PUMA
Istituto di Fisiologia Clinica     
Di Bello V., Pedrinelli R., Giorgi D., Bertini A., Talini E., Mengozzi G., Palagi C., Nardi C., Dell'Omo G., Paterni M., Mariani M. Coronary microcirculation in essential hypertension: a quantitative myocardial contrast echocardiographic approach. In: European journal echocardiography, vol. 03 (02) pp. 117 - 127. Elsevier Inc, 2002.
 
 
Abstract
(English)
Aims: The aims of the present study were: (a) to demonstrate whether quantitative myocardial contrast echocardiography can detect the increase in coronary flow induced by dipyridamole infusion vasodilation through the myocardial opacification due to the transit of microbubbles, both at rest and after dipyridamole induced vasodilation; (b) to explore the coronary microcirculatory function before and after dipyridamole in two different models: asymptomatic and relatively young hypertensive patients with a mild degree of left ventricular hypertrophy, and healthy controls. Methods and Results: Two groups of strictly age-matched males were studied (case-control study): 10, relatively young and asymptomatic essential hypertensive patients with a mild degree of left ventricular hypertrophy with a normal left ventricular function, and 10 healthy controls. The main findings were: the microbubbles' appearance area was significantly lower in hypertensive patients than in controls (P<005) because of a significantly lower time to peak. The peak intensity at rest was higher in hypertensives than in controls (P<005); but the per cent increase after vasodilatory stimulus was significantly higher in controls (+71% in controls vs +31% in hypertensives; P<005). The microbubbles' disappearance area was comparable in both groups at rest; the per cent increase of this parameter after dipyridamole was significantly higher in controls (+124%) than in hypertensives (+90%) (P<005). The results achieved in this study documented that the coronary microcirculation in hypertensive patients presenting a mild degree of left ventricular hypertrophy, explored with quantitative myocardial contrast echocardiography, showed a different behaviour in comparison with controls, in the vasodilatory response to dipyridamole. Conclusion: The coronary microcirculation in hypertensives showed a reduced vasodilation capacity of the resistance arterioles under dipyridamole induced vasodilatation, and a possible impairment of the endothelium dependent vasodilation. This happened despite an increase in the left ventricular mass, where the relation between capillary bed distribution and hypertrophied myocardium (rarefaction phenomenon) is not completely respected.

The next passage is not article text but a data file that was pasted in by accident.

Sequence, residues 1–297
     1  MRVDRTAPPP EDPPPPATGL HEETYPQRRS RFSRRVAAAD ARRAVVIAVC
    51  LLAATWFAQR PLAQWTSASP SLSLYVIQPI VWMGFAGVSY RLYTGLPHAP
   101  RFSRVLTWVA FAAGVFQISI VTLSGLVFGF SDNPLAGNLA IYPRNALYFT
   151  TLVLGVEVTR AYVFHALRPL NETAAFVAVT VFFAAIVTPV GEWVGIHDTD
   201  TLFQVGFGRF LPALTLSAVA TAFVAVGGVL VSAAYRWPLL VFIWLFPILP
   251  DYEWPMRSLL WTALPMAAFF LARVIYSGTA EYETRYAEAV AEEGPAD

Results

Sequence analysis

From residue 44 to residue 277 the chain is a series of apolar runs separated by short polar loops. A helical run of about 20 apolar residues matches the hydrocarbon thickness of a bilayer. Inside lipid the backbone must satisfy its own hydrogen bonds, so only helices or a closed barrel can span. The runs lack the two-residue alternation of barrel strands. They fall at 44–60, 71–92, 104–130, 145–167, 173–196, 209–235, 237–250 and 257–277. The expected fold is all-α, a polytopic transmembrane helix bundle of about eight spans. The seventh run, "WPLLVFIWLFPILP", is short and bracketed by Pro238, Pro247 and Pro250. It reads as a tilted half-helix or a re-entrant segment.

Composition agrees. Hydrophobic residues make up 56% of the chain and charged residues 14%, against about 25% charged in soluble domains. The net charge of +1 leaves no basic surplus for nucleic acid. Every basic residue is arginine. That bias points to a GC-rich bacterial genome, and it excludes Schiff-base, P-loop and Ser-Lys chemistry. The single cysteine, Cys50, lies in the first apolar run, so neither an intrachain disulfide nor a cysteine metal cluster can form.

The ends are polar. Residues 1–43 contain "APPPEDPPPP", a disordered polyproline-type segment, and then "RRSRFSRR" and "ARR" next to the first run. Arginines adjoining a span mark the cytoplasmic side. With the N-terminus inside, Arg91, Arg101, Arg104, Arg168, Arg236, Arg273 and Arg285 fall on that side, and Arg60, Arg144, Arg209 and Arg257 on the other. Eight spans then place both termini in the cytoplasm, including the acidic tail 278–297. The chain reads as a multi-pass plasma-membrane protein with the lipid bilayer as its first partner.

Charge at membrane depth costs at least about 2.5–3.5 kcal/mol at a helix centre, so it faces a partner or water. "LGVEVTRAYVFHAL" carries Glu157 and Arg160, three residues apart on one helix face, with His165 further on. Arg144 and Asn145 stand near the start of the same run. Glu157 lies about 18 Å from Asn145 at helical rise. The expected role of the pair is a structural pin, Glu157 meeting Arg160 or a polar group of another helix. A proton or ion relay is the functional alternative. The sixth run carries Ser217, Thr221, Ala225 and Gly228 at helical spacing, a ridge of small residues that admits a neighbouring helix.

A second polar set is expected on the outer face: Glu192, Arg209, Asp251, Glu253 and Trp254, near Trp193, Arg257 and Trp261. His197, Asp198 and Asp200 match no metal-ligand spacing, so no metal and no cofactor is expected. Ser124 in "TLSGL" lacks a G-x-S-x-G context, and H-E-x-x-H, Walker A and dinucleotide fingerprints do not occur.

URL: http://www.sciencedirect.com/science?_ob=MImg&_imagekey=B6WF0-466TBV9-7-1&_cdi=6780&_user=10&_orig=search&_coverDate=06%2F30%2F2002&_sk=999969997&view=c&wchp=dGLbVlb-zSkzS&md5=d4d263d2c7bab1d348fe7a1147d86cd4&ie=/sdarticle.pdf
Subject essential hypertension
myocardial contrast echocardiography
coronary artery disease


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